Bible RepresentationWhen (CC) launched its website to report LGBTQ+ church policies, Christians on both sides of the issue were concerned, even angered. Conservative churches believed that leadership of the organization ranged from too liberal to neutral. Progressive congregations believed that CC would undermine the progress made in churches by placing labels on them. Many are concerned that CC’s efforts may divide churches and congregations even further over sexuality and gender issues.

What Is Church Clarity?

Church Clarity asks that churches be clear about their policies. Currently, the focus is on those policies that affect the LGBTQ+ community. It’s not about asking churches to change policy, but about disclosure and communication to allow potential congregants to make informed decisions. CC relies on crowdsourcing to get information about a church, but its team verifies submissions before publishing information on its website.

To date, CC has scored almost 550 churches across America and in Canada. Visitors to the website can search by region to find churches that have been scored. Churches are labeled as either clear or unclear, and affirming or non-affirming. When policies cannot be found online, the church is labeled as undisclosed.

Clear and unclear refers to their LGBTQ+ policies, whether they are readily available on their website or not. Unclear churches may hide their policies deep within their website, but they might also be considered unclear if the policies do not refer to both sexual orientation and gender identity.

The second part of the score is about the policies. An affirming church is welcoming to the LGBTQ+ community. There are no constraints on a person due to their sexuality or gender identity. The pastor will baptize and marry LGBTQ+ individuals, and they can be ordained and serve as clergy. In a non-affirming church, the congregation may welcome LGBTQ+ people, but there may restrictions on participation within the church.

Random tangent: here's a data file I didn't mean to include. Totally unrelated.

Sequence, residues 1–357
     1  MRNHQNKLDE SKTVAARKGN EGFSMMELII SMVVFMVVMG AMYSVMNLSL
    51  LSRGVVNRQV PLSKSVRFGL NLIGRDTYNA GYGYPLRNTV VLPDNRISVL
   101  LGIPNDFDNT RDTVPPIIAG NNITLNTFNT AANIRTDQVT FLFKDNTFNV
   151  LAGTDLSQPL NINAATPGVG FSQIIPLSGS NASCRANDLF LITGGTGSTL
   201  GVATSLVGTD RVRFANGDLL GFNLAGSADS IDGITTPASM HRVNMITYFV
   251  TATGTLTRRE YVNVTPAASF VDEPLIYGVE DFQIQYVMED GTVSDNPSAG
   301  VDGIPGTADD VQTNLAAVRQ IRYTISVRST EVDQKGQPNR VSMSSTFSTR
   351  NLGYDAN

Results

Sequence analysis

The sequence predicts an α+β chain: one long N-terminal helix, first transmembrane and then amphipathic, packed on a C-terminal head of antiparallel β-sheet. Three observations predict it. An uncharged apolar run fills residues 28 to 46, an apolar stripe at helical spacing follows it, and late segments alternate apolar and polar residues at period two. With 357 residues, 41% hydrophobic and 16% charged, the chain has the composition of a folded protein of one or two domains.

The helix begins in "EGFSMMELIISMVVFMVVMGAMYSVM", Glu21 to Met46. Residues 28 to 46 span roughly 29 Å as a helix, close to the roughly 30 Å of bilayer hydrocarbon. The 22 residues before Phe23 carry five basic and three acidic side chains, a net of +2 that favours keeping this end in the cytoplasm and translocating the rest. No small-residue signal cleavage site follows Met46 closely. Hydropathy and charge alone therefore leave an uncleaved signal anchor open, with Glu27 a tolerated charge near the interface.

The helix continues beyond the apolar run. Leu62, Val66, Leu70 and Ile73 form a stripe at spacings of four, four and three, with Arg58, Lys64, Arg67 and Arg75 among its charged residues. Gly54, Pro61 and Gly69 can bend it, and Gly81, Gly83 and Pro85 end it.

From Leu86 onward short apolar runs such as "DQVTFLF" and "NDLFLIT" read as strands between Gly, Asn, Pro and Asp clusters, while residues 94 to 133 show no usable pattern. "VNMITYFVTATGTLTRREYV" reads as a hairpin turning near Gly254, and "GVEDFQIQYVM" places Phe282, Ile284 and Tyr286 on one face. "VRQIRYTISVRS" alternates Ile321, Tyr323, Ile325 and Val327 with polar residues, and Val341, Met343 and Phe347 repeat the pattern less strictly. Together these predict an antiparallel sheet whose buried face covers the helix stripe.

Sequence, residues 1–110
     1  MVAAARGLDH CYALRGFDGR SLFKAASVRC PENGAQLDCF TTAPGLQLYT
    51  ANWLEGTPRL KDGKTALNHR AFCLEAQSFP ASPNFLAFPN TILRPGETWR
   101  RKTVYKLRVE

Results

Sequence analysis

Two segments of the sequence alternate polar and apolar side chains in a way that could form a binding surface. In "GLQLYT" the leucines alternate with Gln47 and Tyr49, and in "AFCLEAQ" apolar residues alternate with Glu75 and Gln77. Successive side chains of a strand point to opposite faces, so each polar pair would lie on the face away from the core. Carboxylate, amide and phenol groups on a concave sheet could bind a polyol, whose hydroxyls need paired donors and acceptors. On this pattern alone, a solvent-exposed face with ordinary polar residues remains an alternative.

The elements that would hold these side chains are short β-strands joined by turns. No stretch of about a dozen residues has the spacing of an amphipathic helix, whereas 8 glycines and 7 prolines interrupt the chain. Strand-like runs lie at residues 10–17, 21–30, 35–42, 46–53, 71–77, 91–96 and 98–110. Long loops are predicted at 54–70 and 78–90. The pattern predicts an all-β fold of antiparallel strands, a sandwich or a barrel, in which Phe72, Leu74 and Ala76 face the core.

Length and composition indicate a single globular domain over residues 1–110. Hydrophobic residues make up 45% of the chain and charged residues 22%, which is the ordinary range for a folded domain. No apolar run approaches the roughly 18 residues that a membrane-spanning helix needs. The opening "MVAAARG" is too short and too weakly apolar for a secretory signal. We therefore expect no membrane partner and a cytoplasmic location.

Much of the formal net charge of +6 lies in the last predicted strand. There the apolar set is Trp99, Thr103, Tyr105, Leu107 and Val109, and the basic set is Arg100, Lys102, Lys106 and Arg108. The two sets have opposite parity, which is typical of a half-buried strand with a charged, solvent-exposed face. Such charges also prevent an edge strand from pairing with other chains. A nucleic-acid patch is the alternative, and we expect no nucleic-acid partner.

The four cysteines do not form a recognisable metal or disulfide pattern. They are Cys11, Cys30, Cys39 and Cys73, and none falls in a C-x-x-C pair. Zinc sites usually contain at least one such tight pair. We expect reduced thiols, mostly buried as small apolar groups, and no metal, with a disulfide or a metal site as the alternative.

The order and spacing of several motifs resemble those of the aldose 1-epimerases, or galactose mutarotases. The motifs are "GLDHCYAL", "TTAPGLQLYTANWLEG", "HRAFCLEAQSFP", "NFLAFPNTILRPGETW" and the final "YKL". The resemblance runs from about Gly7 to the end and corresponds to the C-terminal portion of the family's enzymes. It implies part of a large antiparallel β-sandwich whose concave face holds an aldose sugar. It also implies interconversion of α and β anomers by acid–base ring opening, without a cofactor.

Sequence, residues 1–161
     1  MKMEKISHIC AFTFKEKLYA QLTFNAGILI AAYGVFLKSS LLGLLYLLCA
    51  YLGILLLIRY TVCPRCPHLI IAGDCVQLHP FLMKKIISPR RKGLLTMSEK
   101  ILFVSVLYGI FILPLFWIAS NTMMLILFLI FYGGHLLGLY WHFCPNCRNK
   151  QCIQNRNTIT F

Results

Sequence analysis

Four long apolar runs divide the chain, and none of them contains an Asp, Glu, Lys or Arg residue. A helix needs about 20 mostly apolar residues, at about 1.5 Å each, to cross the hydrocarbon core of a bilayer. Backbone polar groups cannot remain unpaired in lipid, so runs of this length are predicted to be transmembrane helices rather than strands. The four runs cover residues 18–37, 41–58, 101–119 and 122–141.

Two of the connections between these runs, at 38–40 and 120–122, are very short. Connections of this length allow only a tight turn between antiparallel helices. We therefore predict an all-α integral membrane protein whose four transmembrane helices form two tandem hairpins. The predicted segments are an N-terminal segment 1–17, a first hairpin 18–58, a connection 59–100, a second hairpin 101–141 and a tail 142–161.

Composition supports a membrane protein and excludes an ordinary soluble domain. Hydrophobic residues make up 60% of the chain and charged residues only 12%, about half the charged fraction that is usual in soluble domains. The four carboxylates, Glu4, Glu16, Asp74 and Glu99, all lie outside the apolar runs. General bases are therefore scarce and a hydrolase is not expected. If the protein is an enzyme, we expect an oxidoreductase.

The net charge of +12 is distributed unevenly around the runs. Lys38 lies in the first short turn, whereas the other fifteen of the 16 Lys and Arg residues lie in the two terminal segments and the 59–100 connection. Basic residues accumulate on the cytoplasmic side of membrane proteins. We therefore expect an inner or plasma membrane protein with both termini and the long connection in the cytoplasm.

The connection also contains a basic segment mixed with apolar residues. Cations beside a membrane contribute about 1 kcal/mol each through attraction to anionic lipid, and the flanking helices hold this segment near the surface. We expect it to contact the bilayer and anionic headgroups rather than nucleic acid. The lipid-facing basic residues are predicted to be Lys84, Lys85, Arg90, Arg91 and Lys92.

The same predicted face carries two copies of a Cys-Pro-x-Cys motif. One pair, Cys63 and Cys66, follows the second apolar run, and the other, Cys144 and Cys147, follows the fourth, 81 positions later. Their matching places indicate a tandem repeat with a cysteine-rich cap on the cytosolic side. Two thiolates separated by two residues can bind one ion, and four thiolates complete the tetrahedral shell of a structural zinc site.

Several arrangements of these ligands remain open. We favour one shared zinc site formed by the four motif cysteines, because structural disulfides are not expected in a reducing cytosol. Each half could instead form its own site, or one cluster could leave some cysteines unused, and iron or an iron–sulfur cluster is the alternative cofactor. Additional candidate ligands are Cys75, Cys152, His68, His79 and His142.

Scoring Mega-Churches

Church Clarity just released data on the 100 largest churches in America. The list was generated by “Outreach Magazine,” but CC scored the churches based on information found (or not found) on the websites. The methodology for gaining information was not perfect. CC relied on information listed on the website, pictures of pastors and references of gender to determine information. However, they did learn some interesting things.

Here are a few of their findings:

  • Mega-churches are not LGBTQ+ affirming.

Of the 100 largest churches in America, none are LGBTQ+ affirming. Only 35 percent of these churches are clear about their LGBTQ+ policies. Over half hide their position on their website, but some are reconsidering current policies. Most of the churches use obscure policy language or entirely omit their active LGBTQ+ policies.


  • Female pastors are rare.

On the list of the 100 largest churches in America, only one has a female pastor, and she is listed as a co-pastor along with her husband. Although women are making strides in leadership in both secular and religious organizations, larger churches have not become gender-inclusive in leadership.


  • Persons of color are rare in the leadership of mega-churches.

The list of pastors for these mega-churches includes seven who are not white. Consider that people of color make up 40 percent of the American population, but only 7 percent of the leadership in these huge organizations. Diversity and inclusion don’t seem to apply to their top leadership positions.

Is Providing Information Divisive?

Although the church database is still quite small, it can be helpful to those who want to find LGBTQ+-affirming churches. ChurchClarity needs people to submit churches to their database to keep the information growing. You can also support their efforts by becoming an advocate, which means that you “believe clarity is an important and reasonable expectation of churches.” It’s open communication that prevents a family from joining a church that doesn’t align with their point of view.


Category: Morality Religion

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